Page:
Here’s what historic building owners should know about the rehabilitation tax credit
Organizations around the country continue to promote historic buildings and other important heritage sites as May is National Historic Preservation Month. As part of this month, anyone who owns a historic building should remember that the rehabilitation tax credit offers an incentive to renovate and restore old or historic buildings. Tax reform legislation passed in December 2017 changed when the credit is claimed and provides a transition rule.
Here are some things that building owners should know about this credit:
- The credit is 20 percent of the taxpayer’s qualifying costs for rehabilitating a building.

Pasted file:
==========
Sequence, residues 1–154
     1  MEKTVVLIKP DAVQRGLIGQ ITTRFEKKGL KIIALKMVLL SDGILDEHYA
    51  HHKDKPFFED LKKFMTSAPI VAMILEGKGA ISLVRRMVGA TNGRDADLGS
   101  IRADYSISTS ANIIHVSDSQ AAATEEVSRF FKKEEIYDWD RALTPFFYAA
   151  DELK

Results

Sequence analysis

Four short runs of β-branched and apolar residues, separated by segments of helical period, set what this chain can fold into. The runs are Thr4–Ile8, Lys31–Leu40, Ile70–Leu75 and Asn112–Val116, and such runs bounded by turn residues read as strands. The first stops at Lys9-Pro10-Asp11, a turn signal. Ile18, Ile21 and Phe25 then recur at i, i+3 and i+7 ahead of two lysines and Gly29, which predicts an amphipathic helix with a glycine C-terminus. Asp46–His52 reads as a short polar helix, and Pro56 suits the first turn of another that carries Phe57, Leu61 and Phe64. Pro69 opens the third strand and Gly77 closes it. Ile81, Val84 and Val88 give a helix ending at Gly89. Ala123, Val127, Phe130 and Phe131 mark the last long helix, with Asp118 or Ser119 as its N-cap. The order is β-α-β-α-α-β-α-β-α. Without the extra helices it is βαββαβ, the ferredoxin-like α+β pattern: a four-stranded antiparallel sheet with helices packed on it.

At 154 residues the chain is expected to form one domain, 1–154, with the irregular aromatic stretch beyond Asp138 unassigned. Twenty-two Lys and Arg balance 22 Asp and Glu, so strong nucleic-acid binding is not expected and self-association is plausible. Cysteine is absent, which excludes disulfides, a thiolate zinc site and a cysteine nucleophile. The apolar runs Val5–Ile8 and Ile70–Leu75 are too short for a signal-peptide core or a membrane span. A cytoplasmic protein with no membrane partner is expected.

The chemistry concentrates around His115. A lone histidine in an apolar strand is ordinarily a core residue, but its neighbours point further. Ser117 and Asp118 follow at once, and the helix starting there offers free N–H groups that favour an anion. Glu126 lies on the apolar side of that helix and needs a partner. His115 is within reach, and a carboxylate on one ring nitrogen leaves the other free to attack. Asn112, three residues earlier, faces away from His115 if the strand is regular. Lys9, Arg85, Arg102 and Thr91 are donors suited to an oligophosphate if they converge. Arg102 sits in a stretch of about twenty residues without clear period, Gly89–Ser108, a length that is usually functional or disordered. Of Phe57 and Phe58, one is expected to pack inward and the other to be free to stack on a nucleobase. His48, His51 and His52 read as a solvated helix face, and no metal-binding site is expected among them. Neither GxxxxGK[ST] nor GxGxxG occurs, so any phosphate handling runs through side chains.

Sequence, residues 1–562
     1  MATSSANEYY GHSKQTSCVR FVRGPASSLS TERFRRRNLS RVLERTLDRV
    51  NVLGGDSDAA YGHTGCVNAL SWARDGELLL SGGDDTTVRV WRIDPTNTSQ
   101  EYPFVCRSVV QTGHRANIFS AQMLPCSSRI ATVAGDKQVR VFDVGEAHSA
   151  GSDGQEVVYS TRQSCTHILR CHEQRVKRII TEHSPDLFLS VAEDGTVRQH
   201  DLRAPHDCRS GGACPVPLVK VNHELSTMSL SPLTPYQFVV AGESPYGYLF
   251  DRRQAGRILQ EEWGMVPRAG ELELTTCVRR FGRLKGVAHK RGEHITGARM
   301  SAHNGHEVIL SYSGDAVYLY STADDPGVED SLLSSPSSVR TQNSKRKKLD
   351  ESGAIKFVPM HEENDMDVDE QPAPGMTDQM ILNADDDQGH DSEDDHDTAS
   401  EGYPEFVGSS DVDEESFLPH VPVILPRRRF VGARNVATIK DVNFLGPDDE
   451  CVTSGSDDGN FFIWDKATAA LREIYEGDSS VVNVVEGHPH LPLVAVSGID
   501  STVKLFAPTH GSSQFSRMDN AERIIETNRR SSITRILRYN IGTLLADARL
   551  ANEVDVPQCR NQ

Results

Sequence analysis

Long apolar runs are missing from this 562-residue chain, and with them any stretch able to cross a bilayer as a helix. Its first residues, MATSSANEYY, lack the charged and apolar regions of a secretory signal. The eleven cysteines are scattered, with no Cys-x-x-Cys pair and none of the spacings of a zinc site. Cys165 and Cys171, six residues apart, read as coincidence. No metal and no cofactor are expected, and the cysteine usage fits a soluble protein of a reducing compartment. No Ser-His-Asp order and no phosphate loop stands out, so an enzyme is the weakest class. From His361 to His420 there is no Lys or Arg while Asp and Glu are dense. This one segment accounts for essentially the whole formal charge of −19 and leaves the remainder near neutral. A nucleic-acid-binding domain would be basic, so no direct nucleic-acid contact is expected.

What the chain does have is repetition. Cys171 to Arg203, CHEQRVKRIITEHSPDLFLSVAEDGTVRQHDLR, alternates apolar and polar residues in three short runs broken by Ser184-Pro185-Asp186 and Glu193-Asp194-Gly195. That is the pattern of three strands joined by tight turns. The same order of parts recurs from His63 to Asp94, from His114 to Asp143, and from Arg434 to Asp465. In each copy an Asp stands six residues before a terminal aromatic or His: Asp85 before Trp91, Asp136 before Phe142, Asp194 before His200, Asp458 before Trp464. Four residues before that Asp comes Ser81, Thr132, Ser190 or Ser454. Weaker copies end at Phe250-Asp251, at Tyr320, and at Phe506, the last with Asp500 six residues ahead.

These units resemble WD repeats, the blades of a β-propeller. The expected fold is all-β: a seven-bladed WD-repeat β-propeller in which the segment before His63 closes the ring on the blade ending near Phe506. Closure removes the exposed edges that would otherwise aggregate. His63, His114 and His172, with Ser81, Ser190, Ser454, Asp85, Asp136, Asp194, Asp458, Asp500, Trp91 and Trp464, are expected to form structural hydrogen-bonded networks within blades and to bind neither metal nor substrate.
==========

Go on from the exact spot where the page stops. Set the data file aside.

- The credit doesn’t apply to the money spent on buying the structure.
- The legislation now requires taxpayers take the 20 percent credit spread out over five years beginning in the year they placed the building into service.
- The law eliminates the 10 percent rehabilitation credit for pre-1936 buildings.
- A transition rule provides relief to owners of either a certified historic structure or a pre-1936 building by allowing owners to use the prior law if the project meets these conditions:
- The taxpayer owned or leased the building on January 1, 2018, and the taxpayer continues to own or lease the building after that date.
- The 24- or 60-month period selected by the taxpayer for the substantial rehabilitation test begins by June 20, 2018.
- Taxpayers use Form 3468, Investment Credit, to claim the rehabilitation tax credit and a variety of other investment credits. Form 3468 instructions have detailed requirements for completing the form.
National Park Service: National Preservation Month
Rehabilitation Tax Credit – Real Estate Tax Tips
Internal Revenue Code Section 47
Issue Number: Tax Reform Tax Tip 2019-64 www.irs.gov